Staff Favorites: Chicago
The first time I visited Chicago was in the dead of winter. It was New Year's Eve and I wore a long velvet dress and satin ballet flats and had to walk veeerrrry sloooowwwwly to not fall on the icy sidewalks. My obliging date lifted me over snowbanks, and I was tickled/horrified to see cars parked on the street, packed in tight by day after day of snowplowing.
A few years later, I fell in love with Chicago as I strolled through Wrigleyville in a sundress and bathing suit, coming back from an afternoon at the beach on a sunny June day. In my mind, a walking town with a beach -- even if it's only warm enough a few months out of the year -- is nothing short of magical.
SIGHTS: A fun way to see the city's great architecture is on a guided tour. The ArchiCenter Shop & Tour Center has an Architecture River Cruise three times a day from late April through Nov. 18. Also temporary (through January) is the citywide Festival of Maps, in which museums, galleries and other spaces sponsor carto-related exhibits.
Most of the city's most famous museums are clustered around Grant Park, like the Field Museum, home of Sue the T. Rex., and the Art Institute of Chicago, whose collection is known for making people gasp: George Seurat's pointilist "A Sunday on La Grande Jatte," Grant Wood's "American Gothic" and Gustave Caillebotte's "Paris Street; Rainy Day." Unfortunately, one of my favorite pieces in the museum's collection, Marc Chagall's "America Windows," is not on display, and don't forget that Edward Hopper's "Nighthawks" is here in Washington in the Hopper show at the National Gallery.
The Museum of Contemporary Art has some interesting exhibitions, too.
Steppenwolf and Second City are known for great drama (the former) and comedy (the latter). And any night of the week, you're bound to find live music in a bar or coffeeshop nearby; pick up the Reader or check out the Tribune's MetroMix, Chicago's version of The Post's CityGuide. And I haven't even started on the vibrant indie literary, film or performing arts scenes....
RESTAURANTS: There is so much good food in Chicago, from hot dogs to haute cuisine. The ethnic neighborhoods around town offer some real treats: Feast on South Indian and other ethnic foods on Devon Avenue and try the cabbage rolls in Ukranian Village (just south of Wicker Park). Andersonville's Scandinavian roots show at the Ann Sather, where I fondly remember a brunch of Swedish pancakes with lingonberry sauce on top of the restaurant's gooey, legendary cinnamon rolls. Anyone with a late-night Mexican craving - perhaps after a long night of partying - should visit Taco & Burrito Palaces (#1 and #2) in Lincoln Park. As for that famous Chicago pizza, I actually preferred the thin crust to the deep dish when my pal Claire took me to the old-fashioned, smoke-filled neighborhood pizzeria Pizano's. Another time, I gobbled up everything my friends ordered from the sleek and sexy Pingpong. And if modern art makes you hungry, check out Wolfgang Puck's restaurant at the MCA.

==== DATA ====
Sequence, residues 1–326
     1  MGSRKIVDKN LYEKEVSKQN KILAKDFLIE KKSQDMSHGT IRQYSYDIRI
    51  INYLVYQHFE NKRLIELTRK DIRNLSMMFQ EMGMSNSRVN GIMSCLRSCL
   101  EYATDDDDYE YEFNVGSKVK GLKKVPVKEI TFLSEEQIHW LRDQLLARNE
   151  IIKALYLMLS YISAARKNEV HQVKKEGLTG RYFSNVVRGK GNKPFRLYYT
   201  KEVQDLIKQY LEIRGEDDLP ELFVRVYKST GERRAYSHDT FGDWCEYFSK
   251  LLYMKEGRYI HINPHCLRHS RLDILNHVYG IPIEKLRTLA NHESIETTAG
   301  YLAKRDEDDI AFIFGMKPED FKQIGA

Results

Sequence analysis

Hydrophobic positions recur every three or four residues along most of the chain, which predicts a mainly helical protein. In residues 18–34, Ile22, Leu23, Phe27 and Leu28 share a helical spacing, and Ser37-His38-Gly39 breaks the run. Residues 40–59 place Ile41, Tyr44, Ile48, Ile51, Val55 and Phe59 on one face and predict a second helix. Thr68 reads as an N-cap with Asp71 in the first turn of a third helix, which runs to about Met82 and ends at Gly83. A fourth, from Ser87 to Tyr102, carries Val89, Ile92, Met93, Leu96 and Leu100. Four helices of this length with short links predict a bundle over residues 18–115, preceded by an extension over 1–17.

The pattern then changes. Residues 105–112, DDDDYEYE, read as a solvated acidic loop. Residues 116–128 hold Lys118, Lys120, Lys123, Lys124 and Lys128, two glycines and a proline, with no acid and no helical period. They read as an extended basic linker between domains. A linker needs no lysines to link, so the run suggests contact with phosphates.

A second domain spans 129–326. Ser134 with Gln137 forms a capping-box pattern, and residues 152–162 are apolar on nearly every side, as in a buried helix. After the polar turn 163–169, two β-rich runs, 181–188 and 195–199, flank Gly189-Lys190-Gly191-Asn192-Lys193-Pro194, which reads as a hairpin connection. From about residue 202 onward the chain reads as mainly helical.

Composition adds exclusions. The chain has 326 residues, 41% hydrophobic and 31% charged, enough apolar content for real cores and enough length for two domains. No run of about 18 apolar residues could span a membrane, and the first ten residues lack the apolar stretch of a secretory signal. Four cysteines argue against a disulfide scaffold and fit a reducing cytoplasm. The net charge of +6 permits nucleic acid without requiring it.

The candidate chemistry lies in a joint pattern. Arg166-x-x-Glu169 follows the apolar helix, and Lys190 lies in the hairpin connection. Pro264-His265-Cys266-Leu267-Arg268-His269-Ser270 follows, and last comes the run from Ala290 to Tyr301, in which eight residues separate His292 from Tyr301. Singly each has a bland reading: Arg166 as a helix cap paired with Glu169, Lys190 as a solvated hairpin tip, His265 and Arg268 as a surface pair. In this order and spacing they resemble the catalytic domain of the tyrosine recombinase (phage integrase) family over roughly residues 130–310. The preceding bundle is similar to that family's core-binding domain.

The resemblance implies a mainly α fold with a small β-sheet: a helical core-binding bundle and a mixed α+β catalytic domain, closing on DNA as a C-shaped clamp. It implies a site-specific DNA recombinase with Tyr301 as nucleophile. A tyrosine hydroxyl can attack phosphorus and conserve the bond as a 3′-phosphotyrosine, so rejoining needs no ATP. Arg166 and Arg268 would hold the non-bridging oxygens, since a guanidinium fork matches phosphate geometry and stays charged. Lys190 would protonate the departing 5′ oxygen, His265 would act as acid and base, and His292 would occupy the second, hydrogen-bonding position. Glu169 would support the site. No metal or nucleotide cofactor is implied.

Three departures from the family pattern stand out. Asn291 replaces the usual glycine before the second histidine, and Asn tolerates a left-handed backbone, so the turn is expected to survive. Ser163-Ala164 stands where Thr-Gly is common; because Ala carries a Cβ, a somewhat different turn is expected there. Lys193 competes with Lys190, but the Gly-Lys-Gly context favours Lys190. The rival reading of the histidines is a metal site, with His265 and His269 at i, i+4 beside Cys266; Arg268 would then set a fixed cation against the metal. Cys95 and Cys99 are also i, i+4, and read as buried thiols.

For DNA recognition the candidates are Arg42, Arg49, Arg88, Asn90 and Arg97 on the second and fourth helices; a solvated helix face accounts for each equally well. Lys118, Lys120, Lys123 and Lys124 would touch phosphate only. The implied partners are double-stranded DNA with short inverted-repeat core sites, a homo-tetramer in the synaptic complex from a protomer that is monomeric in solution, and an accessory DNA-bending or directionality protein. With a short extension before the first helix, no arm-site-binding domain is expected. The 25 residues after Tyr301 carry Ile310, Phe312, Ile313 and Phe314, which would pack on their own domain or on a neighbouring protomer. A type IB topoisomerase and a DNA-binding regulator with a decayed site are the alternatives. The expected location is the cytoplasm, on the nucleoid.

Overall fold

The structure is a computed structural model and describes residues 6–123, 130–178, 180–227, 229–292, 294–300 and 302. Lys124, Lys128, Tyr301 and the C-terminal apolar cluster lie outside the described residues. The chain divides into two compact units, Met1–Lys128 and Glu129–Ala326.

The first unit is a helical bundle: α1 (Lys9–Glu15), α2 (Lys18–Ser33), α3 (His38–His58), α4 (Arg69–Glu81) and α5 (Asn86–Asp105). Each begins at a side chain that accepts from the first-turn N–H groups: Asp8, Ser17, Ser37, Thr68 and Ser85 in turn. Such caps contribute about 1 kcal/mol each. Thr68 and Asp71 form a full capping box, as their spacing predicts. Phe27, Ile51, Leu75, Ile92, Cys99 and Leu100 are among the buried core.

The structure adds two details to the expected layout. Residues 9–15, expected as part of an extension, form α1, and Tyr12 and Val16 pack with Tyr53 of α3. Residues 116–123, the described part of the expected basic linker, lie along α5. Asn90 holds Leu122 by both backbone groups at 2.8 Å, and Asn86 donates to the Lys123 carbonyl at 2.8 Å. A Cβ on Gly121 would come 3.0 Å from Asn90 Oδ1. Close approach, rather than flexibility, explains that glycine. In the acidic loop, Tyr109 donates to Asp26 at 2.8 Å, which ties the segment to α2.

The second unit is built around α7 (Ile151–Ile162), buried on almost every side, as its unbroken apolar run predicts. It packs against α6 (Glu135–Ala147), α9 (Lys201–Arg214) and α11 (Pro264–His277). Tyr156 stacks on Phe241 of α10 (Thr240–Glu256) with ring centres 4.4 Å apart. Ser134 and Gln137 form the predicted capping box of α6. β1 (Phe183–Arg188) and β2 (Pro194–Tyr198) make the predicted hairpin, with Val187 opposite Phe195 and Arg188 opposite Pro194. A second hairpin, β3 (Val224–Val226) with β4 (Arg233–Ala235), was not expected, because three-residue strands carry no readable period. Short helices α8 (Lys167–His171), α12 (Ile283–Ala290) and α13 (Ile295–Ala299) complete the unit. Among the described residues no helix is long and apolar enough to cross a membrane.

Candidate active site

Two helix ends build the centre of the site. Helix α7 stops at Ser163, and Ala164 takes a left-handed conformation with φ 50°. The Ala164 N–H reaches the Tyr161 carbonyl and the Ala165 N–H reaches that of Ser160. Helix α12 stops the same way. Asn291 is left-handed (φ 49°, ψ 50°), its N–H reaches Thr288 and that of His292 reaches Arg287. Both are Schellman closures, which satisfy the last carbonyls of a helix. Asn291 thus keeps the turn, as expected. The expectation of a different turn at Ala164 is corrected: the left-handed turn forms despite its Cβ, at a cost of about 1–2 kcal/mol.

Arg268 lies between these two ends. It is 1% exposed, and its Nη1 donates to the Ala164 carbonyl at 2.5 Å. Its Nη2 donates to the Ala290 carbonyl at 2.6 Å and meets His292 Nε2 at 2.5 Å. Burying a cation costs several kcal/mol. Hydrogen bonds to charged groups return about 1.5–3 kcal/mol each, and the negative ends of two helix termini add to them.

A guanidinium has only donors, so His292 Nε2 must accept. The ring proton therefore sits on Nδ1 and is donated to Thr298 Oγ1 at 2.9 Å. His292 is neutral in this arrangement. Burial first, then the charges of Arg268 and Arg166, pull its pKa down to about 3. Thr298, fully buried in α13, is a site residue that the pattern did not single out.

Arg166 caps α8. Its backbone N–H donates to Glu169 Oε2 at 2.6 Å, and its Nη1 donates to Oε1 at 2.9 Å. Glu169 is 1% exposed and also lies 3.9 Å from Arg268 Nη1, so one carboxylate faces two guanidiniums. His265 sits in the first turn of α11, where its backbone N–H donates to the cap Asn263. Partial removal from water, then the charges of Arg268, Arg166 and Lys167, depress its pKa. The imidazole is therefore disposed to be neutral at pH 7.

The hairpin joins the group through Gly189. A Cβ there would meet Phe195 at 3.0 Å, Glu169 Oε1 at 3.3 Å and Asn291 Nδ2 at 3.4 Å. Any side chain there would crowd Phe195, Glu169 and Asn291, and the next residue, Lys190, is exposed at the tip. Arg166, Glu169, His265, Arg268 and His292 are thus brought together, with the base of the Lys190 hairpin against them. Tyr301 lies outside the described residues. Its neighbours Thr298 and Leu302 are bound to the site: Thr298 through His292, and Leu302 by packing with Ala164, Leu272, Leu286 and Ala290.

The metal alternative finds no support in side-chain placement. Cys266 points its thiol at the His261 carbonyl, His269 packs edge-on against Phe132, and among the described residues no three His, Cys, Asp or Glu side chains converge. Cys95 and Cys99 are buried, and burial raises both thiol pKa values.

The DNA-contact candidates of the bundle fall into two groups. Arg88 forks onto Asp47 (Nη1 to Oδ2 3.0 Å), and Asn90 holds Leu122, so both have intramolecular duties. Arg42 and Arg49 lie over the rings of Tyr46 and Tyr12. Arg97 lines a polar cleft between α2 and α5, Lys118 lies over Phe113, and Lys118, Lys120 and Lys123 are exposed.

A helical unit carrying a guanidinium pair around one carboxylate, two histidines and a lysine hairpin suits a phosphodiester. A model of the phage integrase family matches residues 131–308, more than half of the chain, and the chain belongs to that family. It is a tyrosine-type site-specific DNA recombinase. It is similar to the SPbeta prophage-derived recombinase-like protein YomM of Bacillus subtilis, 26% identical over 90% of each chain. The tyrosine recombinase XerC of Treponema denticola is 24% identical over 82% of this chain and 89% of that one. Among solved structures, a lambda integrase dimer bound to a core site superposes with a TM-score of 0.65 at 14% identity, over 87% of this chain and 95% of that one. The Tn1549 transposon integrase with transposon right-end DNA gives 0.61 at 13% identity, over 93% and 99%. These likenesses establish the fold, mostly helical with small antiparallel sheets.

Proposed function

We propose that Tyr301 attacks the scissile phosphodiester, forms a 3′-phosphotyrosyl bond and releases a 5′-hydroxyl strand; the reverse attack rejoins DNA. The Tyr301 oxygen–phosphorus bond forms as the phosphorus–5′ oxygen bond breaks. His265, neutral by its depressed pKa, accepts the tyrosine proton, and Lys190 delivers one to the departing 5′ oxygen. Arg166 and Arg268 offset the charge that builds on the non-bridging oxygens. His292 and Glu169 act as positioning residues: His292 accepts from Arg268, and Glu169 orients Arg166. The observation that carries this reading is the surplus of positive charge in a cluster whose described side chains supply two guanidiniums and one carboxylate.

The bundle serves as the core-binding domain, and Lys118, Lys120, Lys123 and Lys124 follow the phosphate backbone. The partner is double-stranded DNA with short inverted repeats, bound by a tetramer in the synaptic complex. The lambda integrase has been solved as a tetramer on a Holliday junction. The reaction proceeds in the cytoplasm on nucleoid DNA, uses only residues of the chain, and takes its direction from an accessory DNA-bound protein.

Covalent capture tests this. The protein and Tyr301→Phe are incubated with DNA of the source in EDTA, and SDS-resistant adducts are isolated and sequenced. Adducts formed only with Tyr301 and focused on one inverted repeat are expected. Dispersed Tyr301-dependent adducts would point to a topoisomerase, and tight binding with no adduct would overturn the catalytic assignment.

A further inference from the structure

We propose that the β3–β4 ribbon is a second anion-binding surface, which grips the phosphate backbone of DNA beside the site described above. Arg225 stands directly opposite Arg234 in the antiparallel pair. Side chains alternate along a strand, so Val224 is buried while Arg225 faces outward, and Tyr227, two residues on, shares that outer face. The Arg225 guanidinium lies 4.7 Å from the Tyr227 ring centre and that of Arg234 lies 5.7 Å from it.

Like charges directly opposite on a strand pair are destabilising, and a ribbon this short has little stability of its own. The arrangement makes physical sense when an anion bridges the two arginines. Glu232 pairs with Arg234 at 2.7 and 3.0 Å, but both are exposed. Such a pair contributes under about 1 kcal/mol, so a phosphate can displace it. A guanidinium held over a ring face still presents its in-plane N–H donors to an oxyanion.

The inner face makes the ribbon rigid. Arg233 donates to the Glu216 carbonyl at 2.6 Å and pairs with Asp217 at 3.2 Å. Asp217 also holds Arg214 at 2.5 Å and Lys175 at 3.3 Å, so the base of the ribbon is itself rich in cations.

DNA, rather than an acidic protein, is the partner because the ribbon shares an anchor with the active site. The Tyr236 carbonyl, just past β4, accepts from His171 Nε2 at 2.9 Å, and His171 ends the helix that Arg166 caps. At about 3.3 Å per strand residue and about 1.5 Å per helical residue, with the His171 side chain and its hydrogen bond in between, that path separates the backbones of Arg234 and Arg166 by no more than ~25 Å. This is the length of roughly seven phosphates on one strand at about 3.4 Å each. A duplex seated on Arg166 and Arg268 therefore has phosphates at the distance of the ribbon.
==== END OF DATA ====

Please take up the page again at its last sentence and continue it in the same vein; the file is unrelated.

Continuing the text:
SHOPPING: There are the vertical malls and the luxury stores of Magnificent Mile, but don't forget the museum gift shops, especially at the MCA and the ArchiCenter. And Hubba Hubba on Clark Street's the place for vintage clothes and accessories (thanks for the rec, Abby!).
HOTELS: When I go, I crash with friends, most recently in Lakeview East, just steps from peaceful Lincoln Park and a block from the bustle of the Halstead/Clark/Broadway crush of restaurants, bars, shops and entertainment. Last time I was there, I had friends staying at the Majestic Hotel. I've also killed time on the rocking chairs out front of the W Lakeshore, near the gorgeous Northwestern University's Chicago campus.
So that's enough from me. I want to hear what you love about Chicago and what you do there. Also, did we miss your favorite U.S. city this week? Tell us about it!
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